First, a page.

v: to go swiftly: tear
Watching out for icy patches, Andrew hared along the country road on his motorbike.
Did You Know?
The hare in Aesop's fable may have lost the race with the tortoise due to the need for a nap, but the long-eared mammal's overall reputation for swiftness remains intact. The noun "hare" (referring to a member of the genus Lepus, whose young are usually able to hop a few minutes after birth) first appeared as hara in a Latin/Old English glossary around the year 700. The verb was in use by 1719, and people have been "haring off" and "haring about" ever since.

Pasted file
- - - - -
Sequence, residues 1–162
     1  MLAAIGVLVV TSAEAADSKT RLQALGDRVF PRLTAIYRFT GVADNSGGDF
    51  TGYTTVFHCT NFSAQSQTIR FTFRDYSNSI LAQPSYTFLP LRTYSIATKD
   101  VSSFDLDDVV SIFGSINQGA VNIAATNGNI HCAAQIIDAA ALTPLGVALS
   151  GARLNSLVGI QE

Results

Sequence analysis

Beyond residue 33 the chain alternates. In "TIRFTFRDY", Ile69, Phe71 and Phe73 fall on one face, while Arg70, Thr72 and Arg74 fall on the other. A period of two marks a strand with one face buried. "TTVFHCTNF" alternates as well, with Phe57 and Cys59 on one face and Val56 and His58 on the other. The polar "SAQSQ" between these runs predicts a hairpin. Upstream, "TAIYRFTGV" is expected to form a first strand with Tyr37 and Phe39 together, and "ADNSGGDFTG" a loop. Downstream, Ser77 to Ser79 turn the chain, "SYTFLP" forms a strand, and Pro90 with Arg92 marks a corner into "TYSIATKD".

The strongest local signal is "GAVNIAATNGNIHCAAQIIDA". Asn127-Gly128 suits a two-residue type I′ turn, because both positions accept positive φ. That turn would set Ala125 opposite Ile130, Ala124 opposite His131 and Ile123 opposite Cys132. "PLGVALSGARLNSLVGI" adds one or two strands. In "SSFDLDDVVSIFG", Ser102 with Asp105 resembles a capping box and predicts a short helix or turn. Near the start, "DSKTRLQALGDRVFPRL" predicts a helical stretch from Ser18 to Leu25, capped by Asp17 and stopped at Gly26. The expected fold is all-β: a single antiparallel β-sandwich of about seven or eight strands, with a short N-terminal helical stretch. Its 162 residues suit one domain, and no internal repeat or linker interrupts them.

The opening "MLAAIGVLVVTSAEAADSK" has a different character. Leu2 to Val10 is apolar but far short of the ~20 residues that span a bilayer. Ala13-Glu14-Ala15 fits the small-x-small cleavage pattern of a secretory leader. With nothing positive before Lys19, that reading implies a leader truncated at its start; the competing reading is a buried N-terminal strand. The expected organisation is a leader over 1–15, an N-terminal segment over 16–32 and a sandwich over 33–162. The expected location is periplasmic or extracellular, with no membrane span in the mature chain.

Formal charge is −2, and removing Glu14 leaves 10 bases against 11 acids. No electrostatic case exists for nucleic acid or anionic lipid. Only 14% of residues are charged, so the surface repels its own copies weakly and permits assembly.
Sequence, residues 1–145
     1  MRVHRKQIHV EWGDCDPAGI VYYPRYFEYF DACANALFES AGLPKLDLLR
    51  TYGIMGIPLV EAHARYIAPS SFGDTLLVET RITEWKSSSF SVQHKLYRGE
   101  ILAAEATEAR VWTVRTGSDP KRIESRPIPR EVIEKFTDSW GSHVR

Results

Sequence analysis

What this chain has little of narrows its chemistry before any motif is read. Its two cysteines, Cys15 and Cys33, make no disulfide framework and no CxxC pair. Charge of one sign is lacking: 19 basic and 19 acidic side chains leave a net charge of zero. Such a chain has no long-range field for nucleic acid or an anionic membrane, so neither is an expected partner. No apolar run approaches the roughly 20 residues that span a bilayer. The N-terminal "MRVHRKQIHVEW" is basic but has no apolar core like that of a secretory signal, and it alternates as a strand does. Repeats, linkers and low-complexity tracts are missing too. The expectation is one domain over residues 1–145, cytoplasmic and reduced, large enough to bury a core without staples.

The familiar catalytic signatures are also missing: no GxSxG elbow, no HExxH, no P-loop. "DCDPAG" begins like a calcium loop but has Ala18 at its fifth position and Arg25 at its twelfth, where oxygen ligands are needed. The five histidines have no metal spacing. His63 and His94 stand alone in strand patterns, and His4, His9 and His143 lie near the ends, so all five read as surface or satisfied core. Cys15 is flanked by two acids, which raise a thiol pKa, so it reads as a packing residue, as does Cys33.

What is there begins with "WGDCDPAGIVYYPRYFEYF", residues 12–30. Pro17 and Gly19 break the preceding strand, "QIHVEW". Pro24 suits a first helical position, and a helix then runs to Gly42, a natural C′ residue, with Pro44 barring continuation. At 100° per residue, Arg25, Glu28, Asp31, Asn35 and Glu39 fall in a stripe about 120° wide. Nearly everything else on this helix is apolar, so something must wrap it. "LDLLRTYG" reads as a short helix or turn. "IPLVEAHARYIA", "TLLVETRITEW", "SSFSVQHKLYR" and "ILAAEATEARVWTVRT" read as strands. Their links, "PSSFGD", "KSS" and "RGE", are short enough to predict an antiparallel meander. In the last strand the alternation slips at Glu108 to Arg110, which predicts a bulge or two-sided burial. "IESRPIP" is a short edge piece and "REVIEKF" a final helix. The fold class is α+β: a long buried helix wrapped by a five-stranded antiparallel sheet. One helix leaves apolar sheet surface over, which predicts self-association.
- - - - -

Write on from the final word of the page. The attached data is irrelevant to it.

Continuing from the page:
In My World...
I never knew this could be a verb. I guess it's a bit like a lot of these twenty-first century websites that we have. You know, like "Google," which used to be a website and then became a verb: "I googled the company before my interview. Or "Facebook." Although, FB is more about the "fb-creeping" than "facebooking." Twitter, on the other hand, went straight to verb: I was late for work this morning because I was "tweeting" and missed my bus stop.